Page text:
‘I think the process took longer than they expected,’ says Dr Atmadja. ‘Trying to make people understand the point of REDD was very difficult, because it is so different from the normal way of doing things.’

Dr Atmadja says the local community was initially taken aback at being consulted so openly about the KFCP and its aims.

‘They are used to a project saying, “This is what we should do and we need your help doing it”, but in this case, they were asking what [the community] thought,’ Dr Atmadja says.

‘Now they are quite happy to negotiate every single thing, but to get to that point required a lot of communicating and making people understand.’

Children from a village near the Mantangai River in Central Kalimantan. Forest fires, illegal logging and degrading land along this river can have severe consequences for the livelihoods and health of local
Credit: Josh Estey for AusAID.

The community consultation also had to deal with issues of unclear tenure in the area, and land disputes between villages and individuals, which took a long time to fully resolve.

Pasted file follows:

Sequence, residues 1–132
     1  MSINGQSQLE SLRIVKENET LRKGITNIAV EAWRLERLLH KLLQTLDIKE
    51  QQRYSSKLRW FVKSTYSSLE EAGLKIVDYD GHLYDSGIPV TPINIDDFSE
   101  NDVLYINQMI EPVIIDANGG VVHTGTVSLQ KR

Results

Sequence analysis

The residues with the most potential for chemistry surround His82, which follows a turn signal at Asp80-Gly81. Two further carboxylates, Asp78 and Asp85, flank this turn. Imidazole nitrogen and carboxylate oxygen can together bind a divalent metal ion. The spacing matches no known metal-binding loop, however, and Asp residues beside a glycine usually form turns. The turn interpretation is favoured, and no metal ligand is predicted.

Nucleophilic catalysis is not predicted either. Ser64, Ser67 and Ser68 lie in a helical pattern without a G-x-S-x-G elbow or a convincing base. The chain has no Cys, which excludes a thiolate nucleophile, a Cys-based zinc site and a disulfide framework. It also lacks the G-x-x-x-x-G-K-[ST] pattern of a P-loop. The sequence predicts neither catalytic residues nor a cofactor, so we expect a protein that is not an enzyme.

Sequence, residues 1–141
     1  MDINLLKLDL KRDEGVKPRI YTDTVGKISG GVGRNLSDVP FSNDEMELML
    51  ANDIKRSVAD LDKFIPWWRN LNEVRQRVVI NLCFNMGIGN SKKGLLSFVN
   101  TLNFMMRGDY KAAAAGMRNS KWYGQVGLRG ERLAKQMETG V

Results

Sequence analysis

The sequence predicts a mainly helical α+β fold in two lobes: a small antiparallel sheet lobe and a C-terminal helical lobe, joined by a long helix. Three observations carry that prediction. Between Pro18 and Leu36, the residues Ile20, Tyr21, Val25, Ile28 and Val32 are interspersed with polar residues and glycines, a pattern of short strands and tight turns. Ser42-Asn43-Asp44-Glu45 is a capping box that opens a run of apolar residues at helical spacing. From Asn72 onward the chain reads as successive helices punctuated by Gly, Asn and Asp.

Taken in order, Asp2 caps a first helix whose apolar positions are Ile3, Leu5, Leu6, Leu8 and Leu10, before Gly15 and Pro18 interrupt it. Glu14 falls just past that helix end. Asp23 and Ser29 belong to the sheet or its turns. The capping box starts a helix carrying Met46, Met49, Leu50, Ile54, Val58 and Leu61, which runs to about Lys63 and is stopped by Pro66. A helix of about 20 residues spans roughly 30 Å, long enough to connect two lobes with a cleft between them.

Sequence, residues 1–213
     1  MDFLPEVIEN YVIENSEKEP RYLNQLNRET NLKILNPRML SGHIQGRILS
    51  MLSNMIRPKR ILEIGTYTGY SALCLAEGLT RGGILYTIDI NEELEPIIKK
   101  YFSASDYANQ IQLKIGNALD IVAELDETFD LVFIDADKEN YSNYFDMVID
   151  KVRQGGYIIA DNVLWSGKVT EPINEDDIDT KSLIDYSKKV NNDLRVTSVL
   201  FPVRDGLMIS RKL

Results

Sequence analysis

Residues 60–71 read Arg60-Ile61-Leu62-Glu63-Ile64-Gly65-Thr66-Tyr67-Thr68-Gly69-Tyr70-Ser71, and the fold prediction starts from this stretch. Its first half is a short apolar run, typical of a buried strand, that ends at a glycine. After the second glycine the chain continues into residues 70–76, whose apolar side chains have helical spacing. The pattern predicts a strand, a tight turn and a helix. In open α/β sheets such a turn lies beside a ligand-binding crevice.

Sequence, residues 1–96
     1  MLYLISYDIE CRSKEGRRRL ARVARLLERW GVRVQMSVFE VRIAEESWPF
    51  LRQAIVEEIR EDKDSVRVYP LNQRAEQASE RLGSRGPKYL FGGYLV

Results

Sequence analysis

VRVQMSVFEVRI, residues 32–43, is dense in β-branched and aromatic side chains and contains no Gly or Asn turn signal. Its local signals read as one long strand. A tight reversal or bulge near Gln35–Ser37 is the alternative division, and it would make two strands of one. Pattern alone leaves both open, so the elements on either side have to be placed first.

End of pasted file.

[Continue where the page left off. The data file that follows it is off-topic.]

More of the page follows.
‘Lots of REDD projects may have thought of doing so, but when you actually try to implement that, it takes some effort to do,’ Dr Atmadja says.

The Kalimantan project is one of the largest REDD+ demonstration projects in Indonesia. But, some commentators are suggesting that the project is too small and too slow to be anything more than a gesture in the face of the inexorable juggernaut of deforestation. One such commentator is Professor Stephen Howes, Director of the Development Policy Centre at the Australian National University’s Crawford School of Public Policy.

‘REDD is at a demonstration project stage, so you’re meant to demonstrate through these fairly small projects that you can reduce emissions and then, under REDD, the next phase is you’ll scale it up,’ says Prof. Howes. ‘We don’t think it works, because you can’t deal with those drivers of deforestation through these local projects.’

Prof. Howes argues that more needs to be done at the national government level: changing policies and institutions, as the Norwegian government has attempted.

‘Norway has come along and they’ve put one billion dollars on the table and basically said, “if you can reduce emissions from deforestation, we’ll give you a billion dollars”,’ Prof. Howes says.